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What Really Counts in Investing

05/10/2007 12:00 am EST


Kelley Wright

Managing Editor, Investment Quality Trends

Kelley Wright, managing editor of Investment Quality Trends, recalls a conversation from more than 20 years ago that revealed to him certain eternal truths about investing.

In 1985 I sat down with an elderly couple to discuss their investment portfolio. Like all investors they owned assets that I found questionable considering their age and their need for safety and income, but most of the portfolio was invested in what we would call Select Blue Chips. Most of their positions were between 20 to 30 years old and had been held through myriad challenges for the companies, the country and the economy.

This was a defining moment for me as an advisor as I began to associate the lessons from my grandfather about value in my youth and my own experiences in the stock market. More specifically, what caught my attention was the cost basis for their stocks and the dividends those companies were now paying.

On the surface the current yield on those blue chips were representative of the market at that time. Drilling down a bit further though, I found that the yield based on their original purchase prices were off the charts. For illustration purposes they owned one stock that was paying about $3 a share in annual dividends for a current yield of about 2%. The cost of those shares, adjusted for splits, however, was also about $3 per share!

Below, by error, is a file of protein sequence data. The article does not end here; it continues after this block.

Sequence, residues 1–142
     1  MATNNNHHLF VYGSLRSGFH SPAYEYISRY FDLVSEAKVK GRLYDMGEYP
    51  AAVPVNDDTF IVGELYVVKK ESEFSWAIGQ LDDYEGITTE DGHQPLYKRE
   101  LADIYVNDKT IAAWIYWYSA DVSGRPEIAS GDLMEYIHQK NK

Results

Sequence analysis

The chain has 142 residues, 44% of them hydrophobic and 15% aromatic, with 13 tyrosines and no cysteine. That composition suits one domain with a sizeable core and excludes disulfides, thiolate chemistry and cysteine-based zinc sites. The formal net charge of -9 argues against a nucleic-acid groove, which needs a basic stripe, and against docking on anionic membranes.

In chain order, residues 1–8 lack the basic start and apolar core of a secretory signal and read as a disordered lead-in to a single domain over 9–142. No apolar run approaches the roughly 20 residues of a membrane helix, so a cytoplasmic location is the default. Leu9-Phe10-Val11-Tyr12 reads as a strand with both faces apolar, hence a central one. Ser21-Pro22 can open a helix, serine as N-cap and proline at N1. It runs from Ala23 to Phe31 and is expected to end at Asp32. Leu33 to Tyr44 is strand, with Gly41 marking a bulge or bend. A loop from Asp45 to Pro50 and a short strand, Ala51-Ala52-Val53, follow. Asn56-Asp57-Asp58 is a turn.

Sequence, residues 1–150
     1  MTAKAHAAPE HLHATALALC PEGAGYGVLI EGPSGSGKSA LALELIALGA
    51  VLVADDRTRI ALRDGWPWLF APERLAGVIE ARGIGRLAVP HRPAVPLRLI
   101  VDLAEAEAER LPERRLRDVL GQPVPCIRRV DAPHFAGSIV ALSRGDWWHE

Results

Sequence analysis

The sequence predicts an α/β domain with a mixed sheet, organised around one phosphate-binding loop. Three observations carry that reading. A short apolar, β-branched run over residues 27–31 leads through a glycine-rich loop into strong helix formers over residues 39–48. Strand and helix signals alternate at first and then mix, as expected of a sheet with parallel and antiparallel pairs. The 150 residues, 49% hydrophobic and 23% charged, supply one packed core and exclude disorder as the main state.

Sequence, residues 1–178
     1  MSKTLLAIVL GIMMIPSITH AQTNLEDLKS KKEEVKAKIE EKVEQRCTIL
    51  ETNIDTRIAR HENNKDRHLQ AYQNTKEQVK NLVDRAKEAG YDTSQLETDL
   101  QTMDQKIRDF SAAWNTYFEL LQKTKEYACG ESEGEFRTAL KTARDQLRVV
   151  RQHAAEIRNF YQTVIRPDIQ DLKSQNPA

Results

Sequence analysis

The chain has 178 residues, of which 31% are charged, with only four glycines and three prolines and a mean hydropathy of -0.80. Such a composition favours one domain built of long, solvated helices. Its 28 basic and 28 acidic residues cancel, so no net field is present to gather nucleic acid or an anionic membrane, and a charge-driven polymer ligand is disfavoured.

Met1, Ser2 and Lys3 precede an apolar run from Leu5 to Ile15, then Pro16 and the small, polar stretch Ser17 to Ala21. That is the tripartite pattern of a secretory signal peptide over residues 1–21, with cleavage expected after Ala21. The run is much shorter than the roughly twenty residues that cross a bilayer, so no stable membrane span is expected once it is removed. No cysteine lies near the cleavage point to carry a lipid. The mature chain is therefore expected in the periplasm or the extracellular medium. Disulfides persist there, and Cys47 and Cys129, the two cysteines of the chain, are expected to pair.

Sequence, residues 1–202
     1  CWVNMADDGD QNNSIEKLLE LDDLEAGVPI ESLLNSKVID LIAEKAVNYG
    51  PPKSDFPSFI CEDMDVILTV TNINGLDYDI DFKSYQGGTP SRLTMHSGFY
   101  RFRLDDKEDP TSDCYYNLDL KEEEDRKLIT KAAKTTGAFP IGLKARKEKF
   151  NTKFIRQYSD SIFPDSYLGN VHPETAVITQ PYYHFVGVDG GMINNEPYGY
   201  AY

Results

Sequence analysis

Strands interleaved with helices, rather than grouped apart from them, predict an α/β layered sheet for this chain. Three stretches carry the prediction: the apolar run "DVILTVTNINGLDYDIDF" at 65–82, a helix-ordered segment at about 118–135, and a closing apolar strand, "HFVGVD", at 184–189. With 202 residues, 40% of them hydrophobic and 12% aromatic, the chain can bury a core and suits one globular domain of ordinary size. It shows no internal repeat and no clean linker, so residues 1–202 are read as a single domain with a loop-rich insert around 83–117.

As you have probably guessed, their original capital investment had appreciated almost 40 times over the years. The point I really want to hammer home, though, is that their return from the dividend income alone, based on their original cost basis, was well over 100%. In simpler terms, they were earning a 100% return each year on their original investment in dividend income, every year.

I relate this story to you because there is a multitude of distractions for investors today: the housing market, the dollar, commodity prices, inflation/stagflation, the current rally on Wall Street and how long it will last, ad infinitum. What is really important, though, is accumulating capital and income for that time when it is needed to support your cash needs. The things we purchase-food, clothing, housing, medical care, transportation, entertainment-are all purchased with cash.

The cash required to secure these items increases each year because of inflation, so our capital and income must grow to keep pace with inflation. It is imperative, then, that you plan for your future cash needs now by consistently stocking your portfolio with shares of select blue chips that are undervalued and will weather the ups and downs of the marketplace and economy. If you will be diligent in this endeavor now, your latter years will be peaceful and worry-free. In the end, this is what investing is all about.

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